Wilhelm Max Wundt (1832)
It was on this date, August 16, 1832, that German psychologist Wilhelm Max Wundt was born. He studied at Tübingen University from 1851 and took his MD at the University of Heidelberg in 1856 (the year Sigmund Freud was born). He began as a professor of physiology, but from 1875-1917, Wundt was Professor of Inductive Philosophy at Leipzig University. His solid background in physiology prepared him to propose that human behavior arises from human physiology and ethics rather than from some mystical concept of mind.
In the mid- to late-nineteenth century, a forensic psychiatrist was known as an "alienist," and the study of mind and behavior was more closely aligned with philosophy than with empirical science. The pre-Freudian Wundt established the world's first experimental laboratory in psychology, the Institute for Experimental Psychology, in 1879, ridding psychology of its medieval notions of metaphysics and raising it to the level of a true science. Wundt is often referred to as the "Father of Experimental Psychology" and the "Founder of Modern Psychology." He was one of the founders of Folk Psychology and was probably the greatest psychologist of his time. Wundt's Institute was the forerunner of the psychological laboratories of our time. His 1874 Principles of Physiological Psychology (Engl. trans., 1904) revolutionized the science.
A summary of his work, published by the University of Indiana, explains:
Wundt's revolutionary approach to psychological experimentation moved psychological study from the domain of philosophy and the natural sciences and began to utilize physiological experimental techniques in the laboratory. To Wundt, the essence of all total adjustments of the organism was a psychophysical process, an organic response mediated by both the physiological and the psychological. He pioneered the concept of stating mental events in relation to objectively knowable and measurable stimuli and reactions. Wundt perceived psychology as part of an elaborate philosophy where mind is seen as an activity, not a substance. The basic mental activity was designated by Wundt as apperception.*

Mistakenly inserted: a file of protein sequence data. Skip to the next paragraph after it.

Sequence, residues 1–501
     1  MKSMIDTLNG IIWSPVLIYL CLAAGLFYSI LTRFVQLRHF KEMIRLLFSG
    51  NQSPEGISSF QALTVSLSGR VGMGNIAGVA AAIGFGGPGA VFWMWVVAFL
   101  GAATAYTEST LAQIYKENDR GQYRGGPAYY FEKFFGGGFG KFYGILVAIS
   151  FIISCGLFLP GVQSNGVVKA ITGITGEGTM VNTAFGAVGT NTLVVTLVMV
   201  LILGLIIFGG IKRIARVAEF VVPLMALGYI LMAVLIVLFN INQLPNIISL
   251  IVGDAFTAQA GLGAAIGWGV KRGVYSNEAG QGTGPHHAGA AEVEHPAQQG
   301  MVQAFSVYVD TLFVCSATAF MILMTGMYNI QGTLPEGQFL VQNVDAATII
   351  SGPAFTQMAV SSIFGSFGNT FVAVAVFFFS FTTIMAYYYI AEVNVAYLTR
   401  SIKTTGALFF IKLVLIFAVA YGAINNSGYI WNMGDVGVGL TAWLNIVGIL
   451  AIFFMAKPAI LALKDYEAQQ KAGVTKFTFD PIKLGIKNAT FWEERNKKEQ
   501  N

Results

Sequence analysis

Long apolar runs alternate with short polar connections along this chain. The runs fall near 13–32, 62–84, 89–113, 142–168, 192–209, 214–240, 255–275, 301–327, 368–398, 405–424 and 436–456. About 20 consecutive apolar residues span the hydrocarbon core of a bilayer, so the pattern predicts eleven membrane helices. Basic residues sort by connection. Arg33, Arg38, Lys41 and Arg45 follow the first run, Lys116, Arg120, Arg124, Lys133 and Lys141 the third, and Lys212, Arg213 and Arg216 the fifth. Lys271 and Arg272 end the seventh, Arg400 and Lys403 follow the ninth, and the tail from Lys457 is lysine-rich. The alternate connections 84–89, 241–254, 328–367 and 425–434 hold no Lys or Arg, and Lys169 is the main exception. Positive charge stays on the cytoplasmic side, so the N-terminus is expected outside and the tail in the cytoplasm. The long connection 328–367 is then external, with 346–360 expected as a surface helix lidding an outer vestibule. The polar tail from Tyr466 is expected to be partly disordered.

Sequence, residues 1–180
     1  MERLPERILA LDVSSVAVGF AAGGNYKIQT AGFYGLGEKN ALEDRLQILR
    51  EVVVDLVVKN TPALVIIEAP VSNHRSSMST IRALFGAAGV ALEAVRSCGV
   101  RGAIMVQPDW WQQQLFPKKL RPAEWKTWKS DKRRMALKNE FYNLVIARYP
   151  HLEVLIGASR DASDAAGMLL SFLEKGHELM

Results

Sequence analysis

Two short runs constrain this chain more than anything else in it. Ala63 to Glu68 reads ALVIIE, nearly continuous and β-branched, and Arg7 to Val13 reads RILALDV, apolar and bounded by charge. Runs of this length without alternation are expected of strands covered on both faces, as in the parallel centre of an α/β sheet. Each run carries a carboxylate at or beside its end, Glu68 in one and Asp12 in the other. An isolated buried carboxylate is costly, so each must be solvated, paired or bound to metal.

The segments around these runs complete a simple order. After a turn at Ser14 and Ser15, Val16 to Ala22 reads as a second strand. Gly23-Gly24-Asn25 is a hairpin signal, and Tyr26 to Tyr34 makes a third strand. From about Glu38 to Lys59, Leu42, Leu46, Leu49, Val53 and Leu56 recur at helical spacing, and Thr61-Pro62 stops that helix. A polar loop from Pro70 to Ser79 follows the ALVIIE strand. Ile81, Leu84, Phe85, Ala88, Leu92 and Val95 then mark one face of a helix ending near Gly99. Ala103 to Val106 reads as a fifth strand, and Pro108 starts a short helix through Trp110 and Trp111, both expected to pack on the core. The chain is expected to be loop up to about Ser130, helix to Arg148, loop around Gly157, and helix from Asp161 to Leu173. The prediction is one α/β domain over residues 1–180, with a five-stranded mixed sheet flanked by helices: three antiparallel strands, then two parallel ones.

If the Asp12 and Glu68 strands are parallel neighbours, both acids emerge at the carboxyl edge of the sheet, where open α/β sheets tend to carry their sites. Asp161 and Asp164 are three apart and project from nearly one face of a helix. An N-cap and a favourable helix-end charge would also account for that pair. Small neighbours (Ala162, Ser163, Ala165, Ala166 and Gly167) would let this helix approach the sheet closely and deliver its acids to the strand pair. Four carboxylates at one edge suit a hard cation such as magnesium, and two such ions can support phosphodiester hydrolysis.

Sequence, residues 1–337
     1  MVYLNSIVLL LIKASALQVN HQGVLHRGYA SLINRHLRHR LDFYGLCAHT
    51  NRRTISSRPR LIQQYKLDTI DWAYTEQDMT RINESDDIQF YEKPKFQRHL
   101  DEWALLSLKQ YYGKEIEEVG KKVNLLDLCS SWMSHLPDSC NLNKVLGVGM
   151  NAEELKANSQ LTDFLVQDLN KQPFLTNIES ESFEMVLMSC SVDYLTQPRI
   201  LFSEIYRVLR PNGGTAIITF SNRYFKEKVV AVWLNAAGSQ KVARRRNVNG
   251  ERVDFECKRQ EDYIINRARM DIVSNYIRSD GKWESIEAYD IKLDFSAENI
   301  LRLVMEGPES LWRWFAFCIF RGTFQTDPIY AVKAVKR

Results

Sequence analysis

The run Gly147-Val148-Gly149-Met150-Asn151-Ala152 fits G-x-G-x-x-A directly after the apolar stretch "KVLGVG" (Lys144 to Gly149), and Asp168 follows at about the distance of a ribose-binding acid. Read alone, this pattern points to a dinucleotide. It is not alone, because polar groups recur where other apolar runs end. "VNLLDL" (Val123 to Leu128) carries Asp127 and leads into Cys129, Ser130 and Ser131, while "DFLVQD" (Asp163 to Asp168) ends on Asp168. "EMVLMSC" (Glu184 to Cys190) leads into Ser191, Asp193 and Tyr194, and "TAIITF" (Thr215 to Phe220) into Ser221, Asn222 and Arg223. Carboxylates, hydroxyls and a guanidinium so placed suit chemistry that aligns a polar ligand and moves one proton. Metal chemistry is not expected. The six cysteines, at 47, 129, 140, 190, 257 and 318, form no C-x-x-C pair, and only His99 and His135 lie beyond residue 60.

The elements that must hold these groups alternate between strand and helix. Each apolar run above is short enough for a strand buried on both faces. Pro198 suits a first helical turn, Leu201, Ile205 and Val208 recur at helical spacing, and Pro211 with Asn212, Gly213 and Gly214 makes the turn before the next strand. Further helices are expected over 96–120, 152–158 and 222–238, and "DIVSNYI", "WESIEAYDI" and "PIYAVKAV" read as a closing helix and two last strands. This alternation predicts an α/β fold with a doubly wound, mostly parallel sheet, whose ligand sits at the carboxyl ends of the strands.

Wundt employed a method of introspection in his science that after the early 1920s was rejected as a tool of psychological experimentation. Instead, in showing that psychology could be a valid experimental science, he made his greatest contribution. This he did, along with publishing about 53,000 pages on his studies, despite poor eyesight — quite an achievement in those pre-Braille days!
Wundt's counterpart in the US was William James, and James shared Wundt's idea of divorcing psychology from superstition. Like James, Wilhelm Wundt was a freethinker in religion, though both believed in God. Wundt would not accept metaphysics and mysticism in psychology and instead brought to it an evolutionist and ethical perspective. He rejected any belief in personal immortality and accepted God only as "a divine world-power," or little more than a symbol of the unity of the universe. In his 1889 System der Philosophie, Wundt rejects Christianity as a cluster of superstitions.
* Dr. Jonathan Plucker "History of Influences in the Development of Intelligence Theory and Testing," University of Indiana.
Originally published August 2003 by Ronald Bruce Meyer.
Sir Patrick Geddes (1854) It was on this date, October 2, 1854, that the "father of town planning," Scottish biologist Sir Patrick Geddes was born in Ballater in Aberdeenshire. He grew up in Perthshire, and studied variously at London, Paris, Edinburgh, and Montpellier Universities. Geddes traveled widely and taught physiology, zoology, botany, sociology, civics and […]